Finding a work experience placement

Experience of any kind is an essential part of preparing yourself for the professional world of work. Many schools set aside a week or two – usually in Year 10 – for their students to take part in a placement. Many others, however, do not have any allocated time during term to allow students to gain work experience. If you go to a school which has time at the end of the year for work experience, looking for your own placements can give you more choice in who you spend your placement with – as well as taking some of the strain off your school’s organiser(s)!

But whichever of these two types of schools you attend, organising your own experience outside of term time is worth considering. The long summer holidays provide a great opportunity to gain work experience. Securing a placement off your own bat can also be very similar to job-hunting in real life, and can therefore be valuable as an exercise in itself. Another similarity with job-hunting, however, is that it can seem a daunting process, and can be disheartening if you don’t succeed immediately. But with a level head, and a clear plan of attack, the process can certainly reap rewards. Some suggestions for such a plan of attack are discussed below.


1. What sort of career would you like to experience?

Some people might already have a good idea of what they want to experience or become in the future – but this is a minority, so do not feel worried if you can’t think of what you might like to try!

Two good starting places are the subjects you enjoy at school and your skills and hobbies outside of lessons. For example, if you are good at or really enjoy English at school, think about jobs where you would be able to use your language skills, such as those at publishing companies, magazines or even schools. If you have hobbies away from school, perhaps photography, music, or making videos, you can also investigate jobs which would make use of your interests and skills.

Using the filters in the Careers section of Indigo will allow you to explore a wide variety of jobs that you might not have thought about. For example, if you think you might want to experience being a journalist, using Indigo you can also explore the profiles for jobs such as newspaper editor, author or even copywriter.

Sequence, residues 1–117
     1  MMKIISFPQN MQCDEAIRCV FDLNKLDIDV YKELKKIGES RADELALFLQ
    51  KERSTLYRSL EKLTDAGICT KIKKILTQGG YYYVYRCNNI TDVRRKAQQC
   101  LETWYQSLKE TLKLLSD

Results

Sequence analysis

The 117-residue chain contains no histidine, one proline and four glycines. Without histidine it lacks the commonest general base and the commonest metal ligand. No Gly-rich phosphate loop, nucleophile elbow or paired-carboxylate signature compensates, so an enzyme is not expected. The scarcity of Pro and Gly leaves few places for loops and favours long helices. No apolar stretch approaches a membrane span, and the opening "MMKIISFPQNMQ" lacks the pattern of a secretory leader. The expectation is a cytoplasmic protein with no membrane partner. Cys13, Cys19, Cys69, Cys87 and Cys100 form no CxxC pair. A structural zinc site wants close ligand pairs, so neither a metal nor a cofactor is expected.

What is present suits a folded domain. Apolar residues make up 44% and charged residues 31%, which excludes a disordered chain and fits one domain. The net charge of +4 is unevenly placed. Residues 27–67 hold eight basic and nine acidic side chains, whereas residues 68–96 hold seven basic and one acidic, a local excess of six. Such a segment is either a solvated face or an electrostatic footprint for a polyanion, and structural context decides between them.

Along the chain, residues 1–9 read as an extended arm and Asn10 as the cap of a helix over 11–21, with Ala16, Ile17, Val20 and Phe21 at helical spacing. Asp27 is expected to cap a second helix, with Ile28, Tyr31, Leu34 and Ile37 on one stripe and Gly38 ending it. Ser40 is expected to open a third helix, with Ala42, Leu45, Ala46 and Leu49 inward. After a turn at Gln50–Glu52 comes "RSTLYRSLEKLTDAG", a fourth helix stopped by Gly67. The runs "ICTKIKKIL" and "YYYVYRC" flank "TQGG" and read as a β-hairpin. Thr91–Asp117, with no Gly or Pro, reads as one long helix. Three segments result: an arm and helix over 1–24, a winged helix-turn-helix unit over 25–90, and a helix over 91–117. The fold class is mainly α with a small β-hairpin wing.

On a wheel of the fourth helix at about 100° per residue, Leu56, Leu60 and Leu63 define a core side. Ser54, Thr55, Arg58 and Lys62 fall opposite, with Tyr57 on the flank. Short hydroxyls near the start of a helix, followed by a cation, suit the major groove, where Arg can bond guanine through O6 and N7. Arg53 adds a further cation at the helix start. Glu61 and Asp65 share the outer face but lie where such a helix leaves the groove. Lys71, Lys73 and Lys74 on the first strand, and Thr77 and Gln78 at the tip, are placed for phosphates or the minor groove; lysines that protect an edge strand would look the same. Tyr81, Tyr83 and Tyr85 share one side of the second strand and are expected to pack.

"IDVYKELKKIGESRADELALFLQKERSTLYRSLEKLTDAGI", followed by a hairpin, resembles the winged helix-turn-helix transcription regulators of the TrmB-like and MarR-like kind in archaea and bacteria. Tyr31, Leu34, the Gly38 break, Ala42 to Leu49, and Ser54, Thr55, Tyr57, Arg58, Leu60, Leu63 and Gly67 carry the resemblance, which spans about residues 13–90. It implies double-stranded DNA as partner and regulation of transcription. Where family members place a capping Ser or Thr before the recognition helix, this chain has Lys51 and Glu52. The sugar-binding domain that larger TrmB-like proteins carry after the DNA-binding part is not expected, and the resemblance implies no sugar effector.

Make sure you do yourself justice by being professional and outgoing: explain clearly why you would like to work with this company and why you think you would be a good fit.


2. Identifying companies to contact

Your aim here should be to create a list of 5–10 companies you would like to ask for a placement. Don’t just find one company; if they are unable to help, then all your hard work will have been for nothing. Contacting multiple companies greatly increases your chances of finding a placement.

There are several ways of shortlisting companies to contact:

  • Start by asking your family, friends, even neighbours, if they know anyone working for a company that fits what you decided on in step 1.
  • Research local businesses by using a search engine, or an online directory such as Thomson Localor Yell.
  • Keep an eye out for any companies that might fit your description when you’re out and about or walking round town.

3. Making contact

Once you have drawn up your list of target companies, it’s time to get in touch. There are a few ways to go about this. You could send an email, call the business on the phone or – if the company has a commercial premises – you could pay them a visit in person. 

If you’re writing an email, don’t start it with ‘Hi’ – ‘Dear’ is much more appropriate – and you should do your best to find a name to send the email to. If all else fails, opt for ‘Dear Sir/Madam’. Equally, make sure to sign off the email with ‘Yours sincerely’ followed by your name.

Make sure you do yourself justice by being professional and outgoing: explain clearly why you would like to work with this company and why you think you would be a good fit. Research the company, and mention what you hope to gain, such as experience of the workplace or an insight into an employment area. You could link the placement to a career aim or to a school subject. If you know something specific about the company which has sparked your interest, say so. You are asking them to go out of their way to help you, so make sure you acknowledge this and are respectful and polite.

Look out of town. If you can get a bus or a lift in a car, looking a bit further than the city centre will open up more opportunities to you.


4. Responses

With any luck, you will get at least one positive reply. If you get a negative reply, try not to let it get you down! It is for precisely this reason that you have contacted several companies. 

If the response is positive, you may be offered a placement right away, or the company might ask you to attend an interview. The same applies here to what is described in part 3 – make sure you act professionally, respectfully and confidently!


Key Advice

  • Start early. There are a huge number of students out there, and they may well all be looking for work experience. So don’t leave it until a month before you would like your placement to start, try and get in there before the other students!
  • Contact multiple businesses. Getting in touch with more than one company will increase your chances of being successful, but make sure your emails or phone calls are personalised.
  • Look out of town. If you can get a bus or a lift in a car, looking a bit further than the city centre will open up more opportunities to you.
  • Do yourself justice by being professional. This includes being positive about both the company and your own abilities without being arrogant.
  • Keep trying! Even if you get several negative replies, there will always be more companies to contact!

Content generously provided by Indigo Trotman.